It’s simple to understand the reason John Friend highly recommends the book Yoga Body: The Origins of Modern Posture Yoga “for all serious students of yoga.” Because Mark Singleton’s thesis is an in-depth examination of the way modern hatha yoga or “posture practice” as he calls it, has evolved over time as well as after it was removed from India.
This is how many Indian yoga enthusiasts embraced the modern world: Rather than staying within the caves in the Himalayas They shifted into cities and accepted the new European fashions in culture. They particularly took to the more “esoteric styles of gymnastics” such as the important Swedish methods that were developed by Ling (1766-1839).
Singleton employs the term yoga as a homonym in order to clarify the primary purpose for his research. In other words, he argues that yoga’s word has many meanings, based on the person who is using it.
This is an important step for those who are interested in all things yoga to understand and acknowledge that your practice may vary from my type of yoga that I practice. In essence, there are many different paths to yoga.
In that sense, John Friend is absolutely right that this is the most thorough analysis of the history and culture of the yoga lineage, which is a part of T. Krishnamacharya’s hot and humid royal studio at Mysore to Bikram’s heated studio, which is artificially heated, in Hollywood.
The study of Singleton of “postural yoga” comprises the majority of this book. However, he devotes a few pages to describing the background of “traditional” yoga that spans beginning with Patanjali to Shaiva Tantrics who basing their practice on older yoga practices, created the hatha yoga tradition during the middle age and wrote the renowned yoga texts The Hatha Yoga Pradipika and the Geranda Samhita.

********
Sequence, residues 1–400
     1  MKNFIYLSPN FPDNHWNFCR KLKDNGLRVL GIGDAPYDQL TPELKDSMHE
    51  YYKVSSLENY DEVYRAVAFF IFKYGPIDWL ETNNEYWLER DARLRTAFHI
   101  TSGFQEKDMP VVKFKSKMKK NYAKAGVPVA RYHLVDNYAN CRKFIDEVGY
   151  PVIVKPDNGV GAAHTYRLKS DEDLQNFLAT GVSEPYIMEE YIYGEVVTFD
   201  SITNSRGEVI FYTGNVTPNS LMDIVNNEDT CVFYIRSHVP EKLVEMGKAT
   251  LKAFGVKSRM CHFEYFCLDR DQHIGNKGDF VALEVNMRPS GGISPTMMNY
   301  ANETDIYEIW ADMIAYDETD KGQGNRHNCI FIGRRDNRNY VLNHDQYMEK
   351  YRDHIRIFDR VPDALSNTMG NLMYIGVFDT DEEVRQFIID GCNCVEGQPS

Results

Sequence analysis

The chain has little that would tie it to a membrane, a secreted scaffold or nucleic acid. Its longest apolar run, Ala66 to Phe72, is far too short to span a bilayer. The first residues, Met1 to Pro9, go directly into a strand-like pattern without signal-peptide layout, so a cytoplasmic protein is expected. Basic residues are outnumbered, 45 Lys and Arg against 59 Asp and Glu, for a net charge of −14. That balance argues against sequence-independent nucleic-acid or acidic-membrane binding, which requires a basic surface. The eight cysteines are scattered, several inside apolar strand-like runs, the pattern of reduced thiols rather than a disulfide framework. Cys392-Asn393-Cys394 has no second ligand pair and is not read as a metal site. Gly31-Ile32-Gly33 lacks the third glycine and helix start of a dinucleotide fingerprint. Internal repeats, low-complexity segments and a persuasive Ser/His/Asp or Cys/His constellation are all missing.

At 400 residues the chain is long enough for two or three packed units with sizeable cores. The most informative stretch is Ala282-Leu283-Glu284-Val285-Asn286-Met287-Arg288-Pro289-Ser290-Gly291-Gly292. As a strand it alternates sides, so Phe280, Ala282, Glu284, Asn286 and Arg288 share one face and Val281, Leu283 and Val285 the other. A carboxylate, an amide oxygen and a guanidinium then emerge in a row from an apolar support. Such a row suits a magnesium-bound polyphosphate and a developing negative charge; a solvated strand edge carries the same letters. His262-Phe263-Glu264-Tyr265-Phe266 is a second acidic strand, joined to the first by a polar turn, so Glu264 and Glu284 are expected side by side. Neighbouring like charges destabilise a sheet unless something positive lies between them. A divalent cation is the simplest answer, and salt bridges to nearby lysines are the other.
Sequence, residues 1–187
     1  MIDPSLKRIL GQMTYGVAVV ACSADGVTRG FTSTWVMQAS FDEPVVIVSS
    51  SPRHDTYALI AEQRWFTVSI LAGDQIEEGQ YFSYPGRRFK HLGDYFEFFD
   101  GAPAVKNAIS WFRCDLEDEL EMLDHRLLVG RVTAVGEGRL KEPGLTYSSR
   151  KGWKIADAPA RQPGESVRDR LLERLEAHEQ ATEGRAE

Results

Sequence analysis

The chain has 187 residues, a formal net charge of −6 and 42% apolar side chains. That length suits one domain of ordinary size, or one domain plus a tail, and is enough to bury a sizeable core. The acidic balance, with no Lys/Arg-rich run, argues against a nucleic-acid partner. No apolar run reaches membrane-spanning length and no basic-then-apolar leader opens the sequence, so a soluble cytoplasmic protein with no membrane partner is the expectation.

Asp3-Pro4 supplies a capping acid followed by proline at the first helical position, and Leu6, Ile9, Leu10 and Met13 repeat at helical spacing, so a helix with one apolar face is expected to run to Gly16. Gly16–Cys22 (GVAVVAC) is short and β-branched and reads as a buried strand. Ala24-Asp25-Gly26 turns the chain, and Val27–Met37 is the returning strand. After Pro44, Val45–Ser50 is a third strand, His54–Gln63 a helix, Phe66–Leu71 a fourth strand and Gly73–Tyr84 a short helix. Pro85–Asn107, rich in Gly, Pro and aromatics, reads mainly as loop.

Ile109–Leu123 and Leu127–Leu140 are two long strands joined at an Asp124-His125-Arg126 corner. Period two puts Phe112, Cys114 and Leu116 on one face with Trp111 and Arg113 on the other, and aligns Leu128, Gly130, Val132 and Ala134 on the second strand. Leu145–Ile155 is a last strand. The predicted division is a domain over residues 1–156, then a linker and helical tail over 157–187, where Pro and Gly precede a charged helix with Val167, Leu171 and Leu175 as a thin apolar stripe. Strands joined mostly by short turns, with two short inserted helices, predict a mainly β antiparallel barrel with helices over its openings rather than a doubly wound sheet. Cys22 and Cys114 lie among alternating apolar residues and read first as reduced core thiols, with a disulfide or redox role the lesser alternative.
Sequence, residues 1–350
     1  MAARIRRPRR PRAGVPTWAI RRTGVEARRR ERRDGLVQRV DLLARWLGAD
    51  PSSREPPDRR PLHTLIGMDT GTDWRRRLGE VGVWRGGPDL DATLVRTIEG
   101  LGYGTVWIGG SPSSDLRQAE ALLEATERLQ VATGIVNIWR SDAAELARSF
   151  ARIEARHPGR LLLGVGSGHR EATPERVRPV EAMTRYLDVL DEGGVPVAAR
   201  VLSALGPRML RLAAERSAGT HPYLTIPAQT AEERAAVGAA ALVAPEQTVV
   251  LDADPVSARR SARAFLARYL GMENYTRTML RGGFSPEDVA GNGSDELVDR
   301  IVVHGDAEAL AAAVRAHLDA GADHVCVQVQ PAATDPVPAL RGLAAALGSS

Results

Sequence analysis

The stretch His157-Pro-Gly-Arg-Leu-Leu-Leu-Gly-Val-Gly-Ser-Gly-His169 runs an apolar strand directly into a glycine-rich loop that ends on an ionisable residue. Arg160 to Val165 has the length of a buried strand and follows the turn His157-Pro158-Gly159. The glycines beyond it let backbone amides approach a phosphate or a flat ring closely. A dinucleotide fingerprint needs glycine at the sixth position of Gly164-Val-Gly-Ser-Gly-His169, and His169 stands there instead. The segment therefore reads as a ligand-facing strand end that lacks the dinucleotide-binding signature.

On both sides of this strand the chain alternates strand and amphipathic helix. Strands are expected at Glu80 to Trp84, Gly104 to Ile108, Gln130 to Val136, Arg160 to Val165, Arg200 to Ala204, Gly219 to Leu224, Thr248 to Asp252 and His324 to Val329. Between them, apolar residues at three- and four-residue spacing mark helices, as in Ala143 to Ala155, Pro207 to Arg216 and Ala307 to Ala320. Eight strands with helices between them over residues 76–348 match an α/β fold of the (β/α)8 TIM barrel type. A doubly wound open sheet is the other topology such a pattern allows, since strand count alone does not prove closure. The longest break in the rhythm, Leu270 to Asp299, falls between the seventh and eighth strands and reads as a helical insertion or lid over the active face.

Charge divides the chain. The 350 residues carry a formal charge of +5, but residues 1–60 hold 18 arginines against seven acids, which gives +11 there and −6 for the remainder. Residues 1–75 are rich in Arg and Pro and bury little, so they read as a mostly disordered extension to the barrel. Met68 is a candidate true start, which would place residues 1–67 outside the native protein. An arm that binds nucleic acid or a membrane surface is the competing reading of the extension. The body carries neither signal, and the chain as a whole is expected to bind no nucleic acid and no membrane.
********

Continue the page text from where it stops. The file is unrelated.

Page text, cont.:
It is during these tests that Singleton is able to enter water that is more hot than the typical Bikram sweat. Therefore, I am hesitant to give Singleton an A+ for his excellent dissertation.
Singleton states that his work is purely a research of contemporary posture yoga. If he’d stuck to this project on its own the publication would’ve been a success and received only praise. However, he makes the same mistake that so many contemporary hatha yoga gurus do.
Each yoga type is good according to these hatha yoga gurus. Homonyms in all forms are equally valid and legitimate, they say. However, there is one homonym which the hatha yogis who practice cultural relativity believe is an arrogant interpretation of yoga. Why? Because its adherents traditionalists, say it’s an even deeper, more traditional and spiritual form of yoga.
This sort of ranking, says Singleton is ineffective and wastes time.
Georg Feuerstein disagrees. He is undoubtedly the most well-known and prolific yoga teacher outside of India currently, he’s one of the traditionalists who believe that yoga should be a holistic practice involving body, mind and spirit practice. What is Feuerstein’s yoga homoonym differ from his non-integral modern posture yoga homonym given for us by Singleton?